The major project that I am working on for First Nations Development Institute is the Indian Country Food Price Index. Until now, there has been no data showcasing the price differences experienced by Native American people in the purchase of grocery items. So far our data has showcased on average that tribal members in the lower 48 reservations pay around $7.00 more and tribal nations in Alaska villages pay around $30.00 more for a grocery cart of the same foods compared to the national average. This finding is critical in highlighting the lack of access to healthy foods and food in general in tribal communities. My job will be producing supplemental data to showcase different disease rates and other health disparities in these communities that are related to diet. This will be done to show how the price of food affects the health of people.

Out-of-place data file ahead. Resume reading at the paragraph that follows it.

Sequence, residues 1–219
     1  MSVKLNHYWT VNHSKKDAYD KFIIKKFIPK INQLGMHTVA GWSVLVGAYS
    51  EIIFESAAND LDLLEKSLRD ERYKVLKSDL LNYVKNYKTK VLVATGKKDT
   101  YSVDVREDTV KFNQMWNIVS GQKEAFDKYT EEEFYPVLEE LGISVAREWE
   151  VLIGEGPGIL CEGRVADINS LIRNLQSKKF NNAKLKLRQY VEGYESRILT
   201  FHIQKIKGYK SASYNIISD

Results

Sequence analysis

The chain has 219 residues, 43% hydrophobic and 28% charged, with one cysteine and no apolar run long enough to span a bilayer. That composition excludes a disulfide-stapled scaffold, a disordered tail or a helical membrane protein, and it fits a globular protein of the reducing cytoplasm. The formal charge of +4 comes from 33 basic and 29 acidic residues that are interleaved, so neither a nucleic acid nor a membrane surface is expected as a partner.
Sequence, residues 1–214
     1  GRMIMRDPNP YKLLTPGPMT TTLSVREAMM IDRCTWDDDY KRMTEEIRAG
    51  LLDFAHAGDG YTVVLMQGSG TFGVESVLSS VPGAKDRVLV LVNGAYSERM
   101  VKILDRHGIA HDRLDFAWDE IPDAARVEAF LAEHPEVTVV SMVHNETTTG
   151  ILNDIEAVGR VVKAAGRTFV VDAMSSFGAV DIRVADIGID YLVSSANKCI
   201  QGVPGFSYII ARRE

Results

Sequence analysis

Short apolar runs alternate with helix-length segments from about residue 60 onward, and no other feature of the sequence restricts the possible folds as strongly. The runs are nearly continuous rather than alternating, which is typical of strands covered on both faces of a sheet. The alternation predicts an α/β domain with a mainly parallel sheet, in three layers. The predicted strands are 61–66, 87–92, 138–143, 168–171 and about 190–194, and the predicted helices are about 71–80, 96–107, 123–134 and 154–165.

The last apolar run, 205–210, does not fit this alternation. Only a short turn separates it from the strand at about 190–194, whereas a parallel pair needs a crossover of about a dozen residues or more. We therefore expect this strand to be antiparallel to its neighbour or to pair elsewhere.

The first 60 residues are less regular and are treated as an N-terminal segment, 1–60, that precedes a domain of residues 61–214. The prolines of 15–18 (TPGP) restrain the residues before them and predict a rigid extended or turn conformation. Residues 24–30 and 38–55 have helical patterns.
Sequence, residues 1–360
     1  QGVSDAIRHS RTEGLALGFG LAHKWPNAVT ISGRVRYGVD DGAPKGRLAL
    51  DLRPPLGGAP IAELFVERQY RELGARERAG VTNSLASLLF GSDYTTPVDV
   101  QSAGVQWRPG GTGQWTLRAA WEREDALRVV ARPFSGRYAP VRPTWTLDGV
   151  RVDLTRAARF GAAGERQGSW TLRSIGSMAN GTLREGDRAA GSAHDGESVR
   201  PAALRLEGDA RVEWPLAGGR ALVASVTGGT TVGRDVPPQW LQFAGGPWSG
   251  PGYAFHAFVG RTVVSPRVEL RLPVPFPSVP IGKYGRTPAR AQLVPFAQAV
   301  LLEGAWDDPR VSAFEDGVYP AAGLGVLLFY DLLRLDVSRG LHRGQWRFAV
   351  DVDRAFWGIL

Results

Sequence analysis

A second project that I will be working on an extensive literature review to help First Nations update a previous report they published in 2004, titled: “Time for the Harvest: Native Food Systems in Perspective”. This report is made available on the First Nations web page and can be utilized by tribal nations looking to revitalize and change their current food systems in their communities. This provides a wide array of projects throughout Indian Country that have already occurred and the lessons learned. In addition to updating this report, First Nations is aiming to develop a comprehensive list of literature resources on Native food systems and policies surrounding food systems.